— Borneo and the Indian Archipelago - with drawings of costume and scenery • Frank S. Marryat

... of those trees pass, reappears in the German superstition that the holes in the oak are the pathways for elves;[12] and that various diseases may be cured by contact with these holes. Hence some trees are regarded with special veneration—particularly the lime and pine[13]—and persons of a superstitious turn of mind, "may often be seen carrying sickly children to a forest for the purpose of dragging them through such holes." This practice formerly prevailed in our own country, ...
— The Folk-lore of Plants • T. F. Thiselton-Dyer

... to me, the hills, the plains, the Tiber, the face of the country familiar to my eyes, and this sky, beneath which I had been born and educated; may these now induce you, by their endearing hold on you, to remain in your present settlement, rather than they should cause you to pine away through regret, after having left them. Not without good reason did gods and men select this place for founding a city: these most healthful hills; a commodious river, by means of which the produce of the soil may be conveyed from ...
— The History of Rome, Books 01 to 08 • Titus Livius

... thee Cousin, which didst lead me forth Of that sweet way I was in, to despaire: What say you now? What comfort haue we now? By Heauen Ile hate him euerlastingly, That bids me be of comfort any more. Goe to Flint Castle, there Ile pine away, A King, Woes slaue, shall Kingly Woe obey: That Power I haue, discharge, and let 'em goe To eare the Land, that hath some hope to grow, For I haue none. Let no man speake againe To alter this, for ...
— The First Folio [35 Plays] • William Shakespeare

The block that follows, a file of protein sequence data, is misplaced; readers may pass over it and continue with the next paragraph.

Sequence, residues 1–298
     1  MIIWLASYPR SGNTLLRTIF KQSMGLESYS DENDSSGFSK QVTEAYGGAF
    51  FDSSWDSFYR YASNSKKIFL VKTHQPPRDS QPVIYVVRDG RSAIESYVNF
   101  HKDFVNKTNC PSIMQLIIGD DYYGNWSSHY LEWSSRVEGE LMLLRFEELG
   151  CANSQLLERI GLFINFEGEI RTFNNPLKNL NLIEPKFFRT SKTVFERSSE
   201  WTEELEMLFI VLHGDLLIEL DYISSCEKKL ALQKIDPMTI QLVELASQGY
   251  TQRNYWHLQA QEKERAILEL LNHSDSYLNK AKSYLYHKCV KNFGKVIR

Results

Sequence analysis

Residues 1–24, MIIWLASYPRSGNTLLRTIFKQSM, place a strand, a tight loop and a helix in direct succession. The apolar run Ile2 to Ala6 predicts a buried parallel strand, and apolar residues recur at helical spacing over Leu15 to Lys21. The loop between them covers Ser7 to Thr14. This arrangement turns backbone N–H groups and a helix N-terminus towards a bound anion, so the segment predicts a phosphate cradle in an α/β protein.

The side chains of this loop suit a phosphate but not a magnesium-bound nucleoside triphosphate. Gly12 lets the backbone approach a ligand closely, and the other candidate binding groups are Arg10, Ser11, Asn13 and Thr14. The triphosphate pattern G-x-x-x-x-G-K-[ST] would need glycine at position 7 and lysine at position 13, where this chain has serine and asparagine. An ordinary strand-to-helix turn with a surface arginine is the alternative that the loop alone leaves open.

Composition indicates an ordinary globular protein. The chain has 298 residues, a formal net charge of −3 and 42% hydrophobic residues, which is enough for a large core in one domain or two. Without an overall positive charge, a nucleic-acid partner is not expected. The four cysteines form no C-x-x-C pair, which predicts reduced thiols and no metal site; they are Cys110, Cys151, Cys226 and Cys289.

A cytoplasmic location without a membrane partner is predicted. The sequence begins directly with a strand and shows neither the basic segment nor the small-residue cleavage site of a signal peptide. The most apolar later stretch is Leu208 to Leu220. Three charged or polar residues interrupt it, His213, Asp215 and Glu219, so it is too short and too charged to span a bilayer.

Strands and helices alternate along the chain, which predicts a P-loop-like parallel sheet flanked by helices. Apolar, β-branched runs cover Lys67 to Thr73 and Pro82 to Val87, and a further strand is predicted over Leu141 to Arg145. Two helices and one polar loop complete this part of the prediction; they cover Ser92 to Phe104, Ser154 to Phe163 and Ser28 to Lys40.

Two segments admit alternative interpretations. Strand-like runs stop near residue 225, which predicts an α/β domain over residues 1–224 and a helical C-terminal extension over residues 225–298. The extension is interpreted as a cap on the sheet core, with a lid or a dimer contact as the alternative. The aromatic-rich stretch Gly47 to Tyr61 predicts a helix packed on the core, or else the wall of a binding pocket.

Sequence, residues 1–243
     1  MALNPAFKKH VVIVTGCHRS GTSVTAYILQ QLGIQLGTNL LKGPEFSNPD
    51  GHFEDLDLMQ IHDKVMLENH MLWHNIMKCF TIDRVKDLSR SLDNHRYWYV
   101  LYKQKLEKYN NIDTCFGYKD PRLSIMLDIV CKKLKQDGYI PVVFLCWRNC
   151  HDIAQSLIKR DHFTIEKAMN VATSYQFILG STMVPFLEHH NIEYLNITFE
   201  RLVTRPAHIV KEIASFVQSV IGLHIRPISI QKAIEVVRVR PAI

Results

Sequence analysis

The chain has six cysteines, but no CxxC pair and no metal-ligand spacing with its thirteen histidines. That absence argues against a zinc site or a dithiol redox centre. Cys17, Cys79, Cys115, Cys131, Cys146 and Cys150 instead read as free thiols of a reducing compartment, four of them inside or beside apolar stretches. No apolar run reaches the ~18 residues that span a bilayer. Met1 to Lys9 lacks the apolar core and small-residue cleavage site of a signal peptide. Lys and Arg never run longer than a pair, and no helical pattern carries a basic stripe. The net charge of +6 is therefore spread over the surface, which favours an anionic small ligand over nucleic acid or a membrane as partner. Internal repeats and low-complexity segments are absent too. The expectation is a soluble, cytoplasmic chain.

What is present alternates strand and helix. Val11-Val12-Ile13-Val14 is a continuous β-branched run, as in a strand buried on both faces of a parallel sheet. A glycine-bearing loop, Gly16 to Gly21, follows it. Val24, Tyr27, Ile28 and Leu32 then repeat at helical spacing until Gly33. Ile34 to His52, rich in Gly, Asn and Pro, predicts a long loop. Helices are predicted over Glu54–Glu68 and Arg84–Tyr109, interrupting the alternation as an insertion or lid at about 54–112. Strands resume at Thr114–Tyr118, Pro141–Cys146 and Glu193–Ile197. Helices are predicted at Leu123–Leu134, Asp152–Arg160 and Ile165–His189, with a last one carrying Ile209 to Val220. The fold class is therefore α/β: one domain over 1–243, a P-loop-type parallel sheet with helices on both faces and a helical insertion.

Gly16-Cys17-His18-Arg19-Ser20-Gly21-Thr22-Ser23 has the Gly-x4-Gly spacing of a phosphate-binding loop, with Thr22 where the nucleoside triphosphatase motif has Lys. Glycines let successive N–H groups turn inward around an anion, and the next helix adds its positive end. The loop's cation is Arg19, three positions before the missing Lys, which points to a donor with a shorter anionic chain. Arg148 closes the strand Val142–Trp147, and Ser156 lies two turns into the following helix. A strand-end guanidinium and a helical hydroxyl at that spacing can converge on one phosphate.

... you are picking insects off a hawthorn-hedge on a fine May day (wretchedly cold, I have no doubt), think of me collecting amongst pine-apples and orange-trees; whilst staining your fingers with dirty blackberries, think and be envious of ripe oranges. This is a proper piece of bravado, for I would walk through many a mile of sleet, snow, or rain to shake ...
— The Life and Letters of Charles Darwin, Volume I • Francis Darwin

... the spirit's wings hold equal motion. Yet has each soul an inborn feeling Impelling it to mount and soar away, When, lost in heaven's blue depths, the lark is pealing High overhead her airy lay; When o'er the mountain pine's black shadow, With outspread wing the eagle sweeps, And, steering on o'er lake and meadow, The crane his homeward ...
— Faust • Goethe

... has just been said. The first stage is the sapling, the caterpillar, the animal. The second stage is the growing tree, the chrysalis, the man. The third is the splendid pine, the butterfly, the angel. Difference of stage is the cause of difference of development. So it is among men, and among the ...
— The Yoga Sutras of Patanjali • Charles Johnston

... and baked and washed clean with pure air. But the terrible mountains, so cold and unchanged, with their immemorial patience, their frozen tranquillity; the high hamlets, perched on their lonely shelves; the bleak pine-trees, with their indomitable strength—all these depress me. Of course there is much homely beauty among the lower slopes; the thickets, the falling streams, the flowers. But the grim black peaks ...
— The Upton Letters • Arthur Christopher Benson

... Vasishtha and the rest, In Scripture deeply read. Suyajna, Vamadeva came, Javali, Kasyap's son, And old Vasishtha, dear to fame, Obedient, every one. King Dasaratha met them there And duly honored each, And spoke in pleasant words his fair And salutary speech:— "In childless longing doomed to pine, No happiness, O lords, is mine. So have I for this cause decreed To slay the sacrificial steed. Fain would I pay that offering high Wherein the horse is doomed to die, With Rishyasring his aid to lend, And with ...
— Hindu Literature • Epiphanius Wilson